The UK's status as a medical research world leader is underpinned by its workforce. We want to see the next generation of biomedical and health researchers navigate a clear career path with the right funding opportunities.
The NHS is uniquely placed to be the engine of health research.
“COVID-19 demonstrated how vital research is to the NHS and showed what can be achieved when it is prioritised, highlighting how research must be a core activity for the NHS.” ~ Academy President
Discoveries from NHS research include which drugs do and don't work as treatments for COVID-19, development of penicillin, the invention of MRI scanners, the development of in vitro fertilisation, DNA sequencing and the immunological advances behind organ transplantation. When the NHS turned 70, we celebrated the impact of NHS research and how to realise the vast potential of the NHS for research in the future.
But even before COVID-19, our January 2020 report raised the alarm about NHS staff struggling to find time for research. Only 0.4% of GPs and 0.1% of nursing and midwifery professionals had research as part of their role in 2017. Our report set out a powerful vision to make sure scientific discoveries continue to boost the NHS and improve patient care.
"Protecting and strengthening research is a win-win situation for patients, the NHS, universities and our economy. There is increasing evidence that shows that patients treated in research-active hospitals get better quality of care, even if they are not taking part in a research project." ~ Academy President
In 2022 we also marked the passing of the Health and Care Act. We have worked hard to ensure this Act recognised research as essential to improving the care of patients in the NHS, rather than as an add-on.
“I am delighted to see that our efforts can be seen in the new Act, as now leaders within the NHS are required to ‘actively facilitate’ or otherwise promote research. Integrated Care Boards – organisations with responsibility for NHS functions and budgets – and NHS England will now have to lay out how they plan to promote research, and report on their efforts.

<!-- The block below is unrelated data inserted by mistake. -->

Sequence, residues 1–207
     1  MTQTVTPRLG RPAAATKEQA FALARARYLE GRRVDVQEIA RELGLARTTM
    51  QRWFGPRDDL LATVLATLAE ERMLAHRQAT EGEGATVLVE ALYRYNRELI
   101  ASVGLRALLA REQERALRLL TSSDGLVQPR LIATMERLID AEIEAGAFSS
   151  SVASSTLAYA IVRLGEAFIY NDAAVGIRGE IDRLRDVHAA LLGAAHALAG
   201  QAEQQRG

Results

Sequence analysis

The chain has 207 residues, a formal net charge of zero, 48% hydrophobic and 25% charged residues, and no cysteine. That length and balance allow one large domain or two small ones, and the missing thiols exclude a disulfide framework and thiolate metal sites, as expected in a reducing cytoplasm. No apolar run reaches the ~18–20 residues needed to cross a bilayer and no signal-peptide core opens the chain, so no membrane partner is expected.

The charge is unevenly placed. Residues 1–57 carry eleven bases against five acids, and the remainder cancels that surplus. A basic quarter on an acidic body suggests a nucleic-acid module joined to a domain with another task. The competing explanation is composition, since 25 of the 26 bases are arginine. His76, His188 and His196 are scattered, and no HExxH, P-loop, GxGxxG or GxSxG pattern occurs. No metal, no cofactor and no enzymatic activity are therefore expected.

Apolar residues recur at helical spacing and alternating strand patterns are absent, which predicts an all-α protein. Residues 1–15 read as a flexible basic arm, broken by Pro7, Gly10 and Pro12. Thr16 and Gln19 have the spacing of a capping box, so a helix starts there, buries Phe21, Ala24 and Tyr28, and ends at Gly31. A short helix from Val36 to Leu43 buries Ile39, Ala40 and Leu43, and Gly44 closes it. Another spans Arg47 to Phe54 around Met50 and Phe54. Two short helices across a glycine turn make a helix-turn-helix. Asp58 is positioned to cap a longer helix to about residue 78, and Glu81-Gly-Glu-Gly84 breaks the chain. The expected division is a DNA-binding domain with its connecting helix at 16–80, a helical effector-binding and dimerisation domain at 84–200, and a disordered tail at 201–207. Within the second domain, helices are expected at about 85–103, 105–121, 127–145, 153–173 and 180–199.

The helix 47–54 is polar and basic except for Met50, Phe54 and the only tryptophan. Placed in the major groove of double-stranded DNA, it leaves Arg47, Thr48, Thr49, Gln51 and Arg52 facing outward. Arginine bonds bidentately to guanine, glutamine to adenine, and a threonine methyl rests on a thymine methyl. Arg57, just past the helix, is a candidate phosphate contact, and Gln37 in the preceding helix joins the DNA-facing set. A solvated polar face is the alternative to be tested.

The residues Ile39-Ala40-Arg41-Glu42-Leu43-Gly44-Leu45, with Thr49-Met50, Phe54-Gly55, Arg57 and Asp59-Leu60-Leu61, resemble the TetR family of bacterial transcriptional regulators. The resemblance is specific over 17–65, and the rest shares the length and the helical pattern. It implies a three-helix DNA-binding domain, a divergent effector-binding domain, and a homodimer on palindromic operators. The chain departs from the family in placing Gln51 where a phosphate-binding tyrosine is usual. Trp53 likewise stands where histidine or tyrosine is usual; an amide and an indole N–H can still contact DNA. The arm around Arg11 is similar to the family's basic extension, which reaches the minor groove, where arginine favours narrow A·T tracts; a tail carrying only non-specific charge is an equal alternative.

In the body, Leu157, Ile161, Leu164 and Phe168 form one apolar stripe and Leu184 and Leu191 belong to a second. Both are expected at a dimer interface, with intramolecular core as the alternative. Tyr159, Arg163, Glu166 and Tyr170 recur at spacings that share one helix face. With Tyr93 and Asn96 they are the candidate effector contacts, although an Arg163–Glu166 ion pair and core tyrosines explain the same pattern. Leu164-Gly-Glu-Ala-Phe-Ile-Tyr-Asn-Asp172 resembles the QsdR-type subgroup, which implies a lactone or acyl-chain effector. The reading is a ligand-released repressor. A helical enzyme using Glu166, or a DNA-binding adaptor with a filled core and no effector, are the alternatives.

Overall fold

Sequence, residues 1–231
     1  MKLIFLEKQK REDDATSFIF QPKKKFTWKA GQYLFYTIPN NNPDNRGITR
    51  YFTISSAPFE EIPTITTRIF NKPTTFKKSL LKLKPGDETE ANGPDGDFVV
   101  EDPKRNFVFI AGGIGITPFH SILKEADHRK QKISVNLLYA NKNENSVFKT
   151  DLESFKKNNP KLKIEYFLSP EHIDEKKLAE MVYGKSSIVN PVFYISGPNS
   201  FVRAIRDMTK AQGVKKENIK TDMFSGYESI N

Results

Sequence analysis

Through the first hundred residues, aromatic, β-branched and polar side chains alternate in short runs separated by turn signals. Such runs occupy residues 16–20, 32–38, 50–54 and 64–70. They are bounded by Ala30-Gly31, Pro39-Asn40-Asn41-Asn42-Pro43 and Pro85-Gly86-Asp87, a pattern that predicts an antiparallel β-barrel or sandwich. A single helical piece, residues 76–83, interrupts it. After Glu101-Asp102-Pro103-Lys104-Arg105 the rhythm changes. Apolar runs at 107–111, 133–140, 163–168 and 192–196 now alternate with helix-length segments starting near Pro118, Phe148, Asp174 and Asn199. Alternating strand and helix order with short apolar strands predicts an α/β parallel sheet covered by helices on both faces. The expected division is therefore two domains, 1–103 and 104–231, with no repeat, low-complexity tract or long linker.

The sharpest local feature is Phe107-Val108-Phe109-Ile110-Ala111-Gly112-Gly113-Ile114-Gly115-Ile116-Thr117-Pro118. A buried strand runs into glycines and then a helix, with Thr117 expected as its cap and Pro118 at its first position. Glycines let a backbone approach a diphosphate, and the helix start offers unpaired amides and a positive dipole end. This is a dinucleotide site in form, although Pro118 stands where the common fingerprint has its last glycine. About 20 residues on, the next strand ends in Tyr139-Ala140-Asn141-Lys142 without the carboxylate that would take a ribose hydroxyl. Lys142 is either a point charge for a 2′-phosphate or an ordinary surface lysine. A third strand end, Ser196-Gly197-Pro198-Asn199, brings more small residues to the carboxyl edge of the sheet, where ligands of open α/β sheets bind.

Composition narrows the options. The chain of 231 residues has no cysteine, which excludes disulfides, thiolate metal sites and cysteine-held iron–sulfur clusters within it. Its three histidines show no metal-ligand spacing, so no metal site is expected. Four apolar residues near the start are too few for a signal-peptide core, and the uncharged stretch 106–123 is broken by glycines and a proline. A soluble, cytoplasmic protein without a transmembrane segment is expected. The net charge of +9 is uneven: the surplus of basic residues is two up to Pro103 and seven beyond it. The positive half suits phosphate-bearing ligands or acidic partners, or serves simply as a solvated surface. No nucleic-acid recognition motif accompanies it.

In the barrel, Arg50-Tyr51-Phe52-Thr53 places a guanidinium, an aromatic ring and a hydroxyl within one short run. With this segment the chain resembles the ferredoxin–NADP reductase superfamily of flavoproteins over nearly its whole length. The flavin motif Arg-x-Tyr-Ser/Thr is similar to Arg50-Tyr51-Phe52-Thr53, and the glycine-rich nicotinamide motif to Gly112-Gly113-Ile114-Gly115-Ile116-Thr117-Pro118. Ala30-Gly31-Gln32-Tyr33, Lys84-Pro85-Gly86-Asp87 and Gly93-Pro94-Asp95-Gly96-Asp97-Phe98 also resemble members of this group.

“I am however disappointed that the Act does not include a mandate for the regular publication of current and future NHS staff numbers as this data would help us to plan for the future health and social care workforce, something that the biomedical research community will continue to call for.” ~ Academy President
In 2022, we also responded to the General Medical Council’s (GMC) consultation on their proposed changes to Good Medical Practice, to advocate for GMC’s recognition of the vital role of research in patient care to be maintained in the final version of these professional standards. GMC have a position statement recognising the importance of research for patients and the wider public.
In January 2023, the House of Lords’ Science and Technology Committee concluded their inquiry into Clinical academics in the NHS and wrote to the Secretary of State for Health and Social Care with eleven recommendations. The Committee concluded that engagement with research in the NHS can help to mitigate workforce challenges and improve patient outcomes.
The Academy’s Vice-President Clinical, Professor Paul Stewart FMedSci, was invited to give oral evidence to the inquiry, which the Academy supported with a written evidence submission. We evidenced the invaluable asset of clinical research in the UK and highlighted that, while clinical academic careers are attractive and highly sought after, there are critical issues that must be addressed for us to maintain the excellent benefits of clinical research.
International collaboration and mobility is fundamental for good research and innovation. 82% of British adults feel the UK should be competing with other major economies to attract scientists, academics and their support staff to the UK.
The Academy has argued extensively across consultations, legislation and more that the UK's immigration system must be priced in a way that supports the mobility of research staff to and from the UK.
We work with the Royal Society to support Global Talent Visas for researchers with exceptional talent or promise who wish to work in the UK.
But a skilled worker coming to the UK under the Global Talent Visa has to pay considerably more than they would in eleven other leading scientific nations. The total average upfront cost for a Tier 2 skilled worker visa is £8,419, 540% higher than the average cost in other leading scientific nations (£1,316).
Read more in our joint statement on UK visa costs, also available to download from the side of this page.
We also work on salary thresholds in the UK immigration system, and their impact on health research staff. We try to ensure thresholds are proportionate to the average salaries paid within biomedical research – recognising the differences between clinical and non-clinical researchers. In 2019, the Presidents of the four UK National Academies wrote to the Home Secretary outlining why a £30,000 salary threshold would be bad for research and innovation. While there is no current review of the thresholds planned, it is important to keep their impacts under review.